Obviously, I’m having some fun at the band’s expense. Of course, I’m excited to see them perform at Pitchfork. I just had to get through a couple of eyerolls at this reuniting trend. Considering that a lot of acts go through that cycle to generate buzz and ticket sales, it can be hard to take them seriously. Once out of my system, I’m just as excited as everyone.
In fact, it was recently reported in Rolling Stone that David Bowie convinced James Murphy to reunite LCD Soundsystem (even in death, Bowie still influences our lives). In the article, Murphy talked about how uncomfortable it would be to get the band together and Bowie insisted that he should feel that way. The right decisions aren’t always the easiest. Murphy was going through an identity crisis and figuring out what he wanted to do. I get that. You should do what makes you happy. So, maybe I shouldn’t be so hard on the guy for reuniting his band.
The show is Friday and I know it will be an amazing show. Despite my previous cynicism, I’m fully prepped and ready to have a great time seeing a great band with great friends. Going through changes or cycles is all part of living. My connection with them from a distance as a college radio DJ feels like ages ago. Now, I’ll be close to the action sharing an intimate concert experience. That’s worth something.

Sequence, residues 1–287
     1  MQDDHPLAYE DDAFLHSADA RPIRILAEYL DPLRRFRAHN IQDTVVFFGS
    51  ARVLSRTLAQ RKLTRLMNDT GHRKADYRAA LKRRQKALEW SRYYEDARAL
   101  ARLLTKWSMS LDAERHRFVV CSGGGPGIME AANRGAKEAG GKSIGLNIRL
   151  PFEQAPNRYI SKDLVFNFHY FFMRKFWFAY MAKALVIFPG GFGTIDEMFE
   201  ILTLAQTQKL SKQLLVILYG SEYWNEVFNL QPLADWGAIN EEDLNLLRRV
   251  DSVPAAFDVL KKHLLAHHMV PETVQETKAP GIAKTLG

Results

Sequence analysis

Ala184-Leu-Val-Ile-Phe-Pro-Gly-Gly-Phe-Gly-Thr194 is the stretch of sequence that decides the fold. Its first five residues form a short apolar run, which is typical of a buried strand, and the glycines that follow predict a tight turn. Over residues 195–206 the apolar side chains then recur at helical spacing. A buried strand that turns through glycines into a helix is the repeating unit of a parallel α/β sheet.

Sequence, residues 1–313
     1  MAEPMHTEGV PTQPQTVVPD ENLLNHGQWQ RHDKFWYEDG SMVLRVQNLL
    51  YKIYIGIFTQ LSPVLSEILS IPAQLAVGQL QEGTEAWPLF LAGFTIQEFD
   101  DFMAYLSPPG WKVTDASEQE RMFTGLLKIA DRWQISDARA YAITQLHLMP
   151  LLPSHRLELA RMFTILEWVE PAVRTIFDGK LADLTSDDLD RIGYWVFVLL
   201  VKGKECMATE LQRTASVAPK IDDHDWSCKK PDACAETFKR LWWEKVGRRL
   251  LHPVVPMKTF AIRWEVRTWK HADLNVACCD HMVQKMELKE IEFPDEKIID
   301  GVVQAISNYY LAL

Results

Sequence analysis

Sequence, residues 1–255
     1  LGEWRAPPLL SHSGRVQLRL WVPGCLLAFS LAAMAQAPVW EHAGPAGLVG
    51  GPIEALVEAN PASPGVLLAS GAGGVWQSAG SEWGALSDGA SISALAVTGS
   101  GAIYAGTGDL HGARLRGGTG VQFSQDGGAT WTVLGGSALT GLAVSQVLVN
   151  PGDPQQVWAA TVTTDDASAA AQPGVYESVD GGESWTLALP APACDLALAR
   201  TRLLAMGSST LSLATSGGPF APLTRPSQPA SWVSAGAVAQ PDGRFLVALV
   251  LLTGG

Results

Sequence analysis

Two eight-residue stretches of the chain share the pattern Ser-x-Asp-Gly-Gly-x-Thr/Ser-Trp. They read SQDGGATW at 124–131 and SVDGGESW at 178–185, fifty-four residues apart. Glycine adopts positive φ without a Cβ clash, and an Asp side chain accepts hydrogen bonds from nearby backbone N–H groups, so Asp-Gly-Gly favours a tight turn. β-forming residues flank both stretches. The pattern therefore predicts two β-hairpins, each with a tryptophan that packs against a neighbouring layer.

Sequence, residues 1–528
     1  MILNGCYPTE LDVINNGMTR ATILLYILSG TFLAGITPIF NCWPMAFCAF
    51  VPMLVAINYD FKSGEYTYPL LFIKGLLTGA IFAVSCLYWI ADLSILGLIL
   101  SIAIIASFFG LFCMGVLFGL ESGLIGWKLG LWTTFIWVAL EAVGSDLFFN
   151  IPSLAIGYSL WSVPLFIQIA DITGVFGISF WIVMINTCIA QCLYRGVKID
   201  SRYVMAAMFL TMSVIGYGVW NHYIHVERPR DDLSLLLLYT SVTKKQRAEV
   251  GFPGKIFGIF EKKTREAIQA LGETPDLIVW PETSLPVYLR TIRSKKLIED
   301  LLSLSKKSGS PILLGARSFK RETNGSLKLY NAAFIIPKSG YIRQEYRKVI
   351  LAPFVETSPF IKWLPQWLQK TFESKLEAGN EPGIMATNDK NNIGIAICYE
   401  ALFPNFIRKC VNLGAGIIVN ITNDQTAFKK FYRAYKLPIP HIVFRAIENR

“Drunk Girls” was the song that introduced me to the band. It is a short, stupid song. However, it is fun and catchy. Even Murphy thinks the song is dumb and states that he “like[s] short, dumb stuff.” It serves its purpose by living in the moment and just having a good time. And that is what I plan to do Friday at my first, and probably last, LCD Soundystem show.